Hoa Vo Uu (Buddha Dharma Education Association)
Venerable Shravasti Dhammika
The Buddha’s Words of Wisdom
In the Himalayas, the King of the mountains, there are tracts of land, inaccessible places, inhabited by neither monkey nor man. There are other tracts of land, beautiful spots, where both monkeys and man live. In these places, hunters set pitch traps to catch the monkeys.
Now, the monkeys who are free from foolishness and greed keep away from the traps. But a foolish and greedy monkey comes along, touches it, and gets his hand stuck. Then, thinking to free his hand, he uses the other hand, but that gets stuck, too. To free both hands, he uses one foot which gets stuck, and then the other foot which gets stuck also.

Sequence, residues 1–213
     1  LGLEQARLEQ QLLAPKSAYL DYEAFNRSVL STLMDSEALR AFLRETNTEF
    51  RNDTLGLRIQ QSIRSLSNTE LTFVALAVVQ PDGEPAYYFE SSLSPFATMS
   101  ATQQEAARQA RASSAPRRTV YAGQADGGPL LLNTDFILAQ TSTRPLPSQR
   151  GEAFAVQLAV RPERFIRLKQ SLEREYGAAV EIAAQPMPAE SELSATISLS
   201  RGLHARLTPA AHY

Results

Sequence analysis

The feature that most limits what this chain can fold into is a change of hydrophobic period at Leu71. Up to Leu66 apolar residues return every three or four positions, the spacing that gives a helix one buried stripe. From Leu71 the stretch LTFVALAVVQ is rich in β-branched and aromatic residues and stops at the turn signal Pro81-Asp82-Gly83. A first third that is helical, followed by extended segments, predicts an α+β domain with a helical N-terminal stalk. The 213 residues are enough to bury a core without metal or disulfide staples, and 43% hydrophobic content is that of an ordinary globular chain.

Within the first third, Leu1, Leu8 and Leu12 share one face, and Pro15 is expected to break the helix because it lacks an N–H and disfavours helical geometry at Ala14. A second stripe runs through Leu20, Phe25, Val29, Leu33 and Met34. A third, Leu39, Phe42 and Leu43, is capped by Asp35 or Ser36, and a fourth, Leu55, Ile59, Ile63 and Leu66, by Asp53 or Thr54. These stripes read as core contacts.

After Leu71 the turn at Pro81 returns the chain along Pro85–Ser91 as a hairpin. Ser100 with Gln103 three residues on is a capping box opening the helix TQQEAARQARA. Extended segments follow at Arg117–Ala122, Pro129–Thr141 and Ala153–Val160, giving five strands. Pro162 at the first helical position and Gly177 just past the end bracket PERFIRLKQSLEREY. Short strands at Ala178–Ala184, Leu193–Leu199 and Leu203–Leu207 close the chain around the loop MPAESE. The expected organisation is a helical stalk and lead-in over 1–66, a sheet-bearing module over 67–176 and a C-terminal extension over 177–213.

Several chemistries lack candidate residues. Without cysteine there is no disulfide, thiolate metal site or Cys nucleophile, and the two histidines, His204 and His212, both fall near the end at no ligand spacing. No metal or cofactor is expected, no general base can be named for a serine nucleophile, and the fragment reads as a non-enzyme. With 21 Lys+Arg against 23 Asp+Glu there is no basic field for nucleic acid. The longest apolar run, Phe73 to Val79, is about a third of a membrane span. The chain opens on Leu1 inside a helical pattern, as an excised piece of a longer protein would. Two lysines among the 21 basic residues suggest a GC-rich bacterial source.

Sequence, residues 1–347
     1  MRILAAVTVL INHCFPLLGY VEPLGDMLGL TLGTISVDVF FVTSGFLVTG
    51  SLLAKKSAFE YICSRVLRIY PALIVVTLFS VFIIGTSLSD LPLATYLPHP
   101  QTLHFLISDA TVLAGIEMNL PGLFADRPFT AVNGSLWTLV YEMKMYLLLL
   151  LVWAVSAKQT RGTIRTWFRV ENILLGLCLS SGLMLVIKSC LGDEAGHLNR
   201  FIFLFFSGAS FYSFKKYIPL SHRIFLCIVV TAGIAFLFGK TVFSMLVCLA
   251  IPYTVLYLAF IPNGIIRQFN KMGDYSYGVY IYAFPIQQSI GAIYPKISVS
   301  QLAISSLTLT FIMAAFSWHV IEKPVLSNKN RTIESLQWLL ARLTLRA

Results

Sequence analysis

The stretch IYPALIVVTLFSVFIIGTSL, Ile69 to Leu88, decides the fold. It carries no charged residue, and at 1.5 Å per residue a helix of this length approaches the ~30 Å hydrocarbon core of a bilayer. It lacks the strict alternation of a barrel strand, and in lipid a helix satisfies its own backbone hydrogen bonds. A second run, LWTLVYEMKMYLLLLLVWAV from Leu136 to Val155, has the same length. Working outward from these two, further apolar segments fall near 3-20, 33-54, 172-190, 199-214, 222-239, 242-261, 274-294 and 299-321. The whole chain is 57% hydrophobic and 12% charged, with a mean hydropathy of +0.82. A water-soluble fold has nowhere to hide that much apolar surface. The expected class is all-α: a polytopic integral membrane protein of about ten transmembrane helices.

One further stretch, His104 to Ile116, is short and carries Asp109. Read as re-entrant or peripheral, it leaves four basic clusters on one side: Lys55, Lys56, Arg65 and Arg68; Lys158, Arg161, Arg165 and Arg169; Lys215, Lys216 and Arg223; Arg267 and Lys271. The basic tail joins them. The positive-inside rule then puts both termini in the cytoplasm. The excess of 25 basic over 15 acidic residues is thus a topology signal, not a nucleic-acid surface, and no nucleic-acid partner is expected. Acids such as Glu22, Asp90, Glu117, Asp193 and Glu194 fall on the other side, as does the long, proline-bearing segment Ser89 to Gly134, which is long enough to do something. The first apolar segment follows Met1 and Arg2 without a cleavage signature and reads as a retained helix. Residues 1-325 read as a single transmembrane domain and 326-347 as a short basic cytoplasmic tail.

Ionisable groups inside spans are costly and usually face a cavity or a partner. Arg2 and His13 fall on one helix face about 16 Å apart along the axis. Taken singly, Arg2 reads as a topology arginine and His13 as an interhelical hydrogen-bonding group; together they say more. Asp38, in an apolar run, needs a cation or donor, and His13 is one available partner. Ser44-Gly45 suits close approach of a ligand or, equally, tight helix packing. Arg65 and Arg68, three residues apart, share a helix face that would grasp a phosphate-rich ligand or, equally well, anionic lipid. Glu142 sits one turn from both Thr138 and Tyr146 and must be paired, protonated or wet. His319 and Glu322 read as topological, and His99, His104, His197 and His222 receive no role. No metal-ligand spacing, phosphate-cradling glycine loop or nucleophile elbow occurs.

Hoping to free both hands and feet, he uses his nose, and that gets stuck. And so, trapped in five ways, he lies down and cries, having fallen into misfortune and ruin, being prey to the hunter who will do what he wants with him. This is what happens to one who roams in the domain of another. Therefore, do not roam in another’s domain, for by so doing. Mãra gets access, Mãra gets an opportunity.
And what is not your domain but another’s? It is the five sensual elements. What five? Objects cognizable with the eye, sounds with the ear, smells with the nose, tastes with the tongue, and touches cognizable with the body – all of them desirable, pleasant, delightful, wanted, inciting passion and lust. And what is your own domain, your own natural territory? It is the four foundations of mindfulness.